Our collection M. grandifloras are located on either side of Arboretum Drive in the Magnolia section of the arboretum.   These trees are quite large and most of its flowers are high up, but there are a few on the lower branches accessible for smelling that nice citrusy scent.  Tour visitors from the Southern US assure me that this scent can be smelled at a distance down there, but up here in the Pacific NW one has to get up close to enjoy the scent.  And, speaking of tours, these trees and other summer bloomers like the Hydrangea are featured in our Free Weekend Walks for the month of July.  Join us any Sunday; we meet at 1:00 pm at the Graham Visitors Center.

 

 

Glimpse into the past – Dreams of an Arboretum at the University of Washington

July 15th, 2015 by Jessica Farmer, Adult Education Supervisor

By John A. Wott, Director Emeritus

Recently, I was browsing The Long Road Traveled by Henry Schmitz, from 1973, in preparation for a presentation about the Washington Park Arboretum.  I believe it is important to review how the leadership of the University of Washington was the catalyst to create the Arboretum. Almost all of this “glimpse” is the writing of Dr. Schmitz, but in a very condensed form.

The University of Washington seems to have wanted an arboretum from very early in its history. Shortly after his election in 1891 as a member of the State legislature, Edmond S. Meany became chairman of the legislative committee concerned with the acquisition of a new campus for the University. There are indications that he promoted the project in part by claims that it would provide an arboretum for the State as well as a campus for the University. If this is true, it was undoubtedly a method to elicit support from the lumber industry, which was not entirely without influence at that time in the state legislature. The late Herbert Condon used to relate a delightful story about a member of the legislature whom Mr. Meany was attempting to interest in the selection of the Union Bay area for the new campus-arboretum. The legislator listened to the arguments and then said, “Meany, I will help you get the area, but tell me-what in hell is an arboretum?”

Professor Edmond S. Meany

Professor Edmond S. Meany

It seems clear that for some years after the University moved to the new (and present) location selected by Dr. Meany’s committee, the development of an arboretum on the campus remained an important aim. The text calls attention to gifts of trees from the Seattle City Parks Department for planting on the new grounds.  On Arbor Day 1898, the Parks Department had presented the University with fifty assorted oaks and honey locusts. Later, Parks contributed an additional 2200 fine trees embracing almost thirty species new to the grounds, as well as a donation of a thousand perennials. These donations, along with a collection of five hundred more perennials from other sources gave impetus to a plan for the beautification of the campus.  These donations were said to “represent 42 natural orders and 179 species.”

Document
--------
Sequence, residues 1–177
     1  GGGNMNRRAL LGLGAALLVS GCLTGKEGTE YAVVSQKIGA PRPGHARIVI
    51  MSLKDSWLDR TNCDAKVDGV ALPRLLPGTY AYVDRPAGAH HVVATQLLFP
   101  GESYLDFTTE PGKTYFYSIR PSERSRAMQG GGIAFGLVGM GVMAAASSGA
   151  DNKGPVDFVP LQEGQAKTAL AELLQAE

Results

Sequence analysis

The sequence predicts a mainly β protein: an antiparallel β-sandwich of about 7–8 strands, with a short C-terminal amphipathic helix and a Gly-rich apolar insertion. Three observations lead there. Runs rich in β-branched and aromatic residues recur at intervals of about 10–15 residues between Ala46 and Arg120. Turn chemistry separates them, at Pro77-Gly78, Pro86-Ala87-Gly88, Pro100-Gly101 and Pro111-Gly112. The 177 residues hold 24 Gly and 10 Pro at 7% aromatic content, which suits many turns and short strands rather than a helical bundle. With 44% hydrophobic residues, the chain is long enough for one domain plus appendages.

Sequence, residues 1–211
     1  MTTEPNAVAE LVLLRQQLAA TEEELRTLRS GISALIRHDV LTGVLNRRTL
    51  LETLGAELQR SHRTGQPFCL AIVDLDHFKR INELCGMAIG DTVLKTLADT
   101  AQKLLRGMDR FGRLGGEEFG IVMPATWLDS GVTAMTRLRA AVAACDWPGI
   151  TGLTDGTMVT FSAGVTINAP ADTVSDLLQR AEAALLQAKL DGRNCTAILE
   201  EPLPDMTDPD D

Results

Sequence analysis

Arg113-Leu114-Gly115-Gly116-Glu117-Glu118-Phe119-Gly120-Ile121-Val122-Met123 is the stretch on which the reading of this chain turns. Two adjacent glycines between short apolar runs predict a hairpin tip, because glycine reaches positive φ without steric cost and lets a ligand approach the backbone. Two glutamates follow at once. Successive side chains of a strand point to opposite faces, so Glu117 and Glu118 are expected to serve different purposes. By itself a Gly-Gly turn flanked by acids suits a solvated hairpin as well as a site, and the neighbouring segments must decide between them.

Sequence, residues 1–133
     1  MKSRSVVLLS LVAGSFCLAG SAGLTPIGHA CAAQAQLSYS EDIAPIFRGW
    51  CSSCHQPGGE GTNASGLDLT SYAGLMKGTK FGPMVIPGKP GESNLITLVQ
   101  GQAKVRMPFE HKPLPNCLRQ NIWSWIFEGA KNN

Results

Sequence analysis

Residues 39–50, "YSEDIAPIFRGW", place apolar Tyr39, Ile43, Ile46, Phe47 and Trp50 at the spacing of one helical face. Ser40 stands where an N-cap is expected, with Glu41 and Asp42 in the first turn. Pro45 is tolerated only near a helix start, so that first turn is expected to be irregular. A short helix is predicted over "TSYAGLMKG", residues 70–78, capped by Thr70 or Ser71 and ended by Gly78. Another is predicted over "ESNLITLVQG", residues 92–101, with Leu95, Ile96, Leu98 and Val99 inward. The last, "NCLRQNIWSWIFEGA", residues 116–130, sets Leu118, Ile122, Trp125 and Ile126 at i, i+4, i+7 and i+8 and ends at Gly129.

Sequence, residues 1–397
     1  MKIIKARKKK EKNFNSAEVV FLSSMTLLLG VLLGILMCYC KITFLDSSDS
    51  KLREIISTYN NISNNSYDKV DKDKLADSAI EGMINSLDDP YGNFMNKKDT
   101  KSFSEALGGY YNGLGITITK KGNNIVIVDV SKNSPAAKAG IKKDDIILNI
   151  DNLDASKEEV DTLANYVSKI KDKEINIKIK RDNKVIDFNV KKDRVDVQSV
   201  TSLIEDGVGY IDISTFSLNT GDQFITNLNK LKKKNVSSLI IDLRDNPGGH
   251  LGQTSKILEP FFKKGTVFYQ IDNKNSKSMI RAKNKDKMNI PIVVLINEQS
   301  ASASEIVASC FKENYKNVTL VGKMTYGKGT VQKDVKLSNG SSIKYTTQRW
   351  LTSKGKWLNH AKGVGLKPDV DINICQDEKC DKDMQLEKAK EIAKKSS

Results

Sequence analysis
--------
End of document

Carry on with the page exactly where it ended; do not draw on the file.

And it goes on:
A seed and plant exchange with eastern collectors was established by Dr. Meany to secure for the campus “as many rare and desirable species as possible.” Contributions of seeds were received from California, the Canadian Department of Agriculture, Ohio, and Pennsylvania. Dr. Meany’s home garden was used entirely for growing seedlings of tree seeds received through the seed exchange. Since the city water mains had not yet been extended to his home, it was necessary for him to carry water in pails to the nursery beds. He was especially proud of the relations he had established with Kew Gardens and was greatly concerned that the seedlings survive.

College of Forestry Dean, Hugo Winkenwerder

College of Forestry Dean, Hugo Winkenwerder

Sadly, when the campus was cleared for the Alaska Yukon Pacific Exposition, many of the trees planted in the early days by Professor Meany and others were destroyed. Nevertheless, the idea of an arboretum on the campus did not completely die. A few years later, Hugo Winkenwerder, Dean of the College of Forestry, with the enthusiastic support of Professor Meany, proposed to President Franklin Kane that the entire area below the railroad tracks be set aside for arboretum purposes. This proposal was approved by the President and the area was designated “Arboretum” on maps of the campus of that period.Progress was slow, and as the years went by, pressures developed on the campus for the construction of a golf course in the arboretum area. It was argued by the proponents of the golf course that the area could serve both purposes – the fairways and greens would occupy only part of the space and the remaining area could still serve as an arboretum. However, the golf course eventually took possession of the entire area and in late 1923 Dean Winkenwerder gloomily said that he “lost all hope of ever developing an arboretum on the University campus.”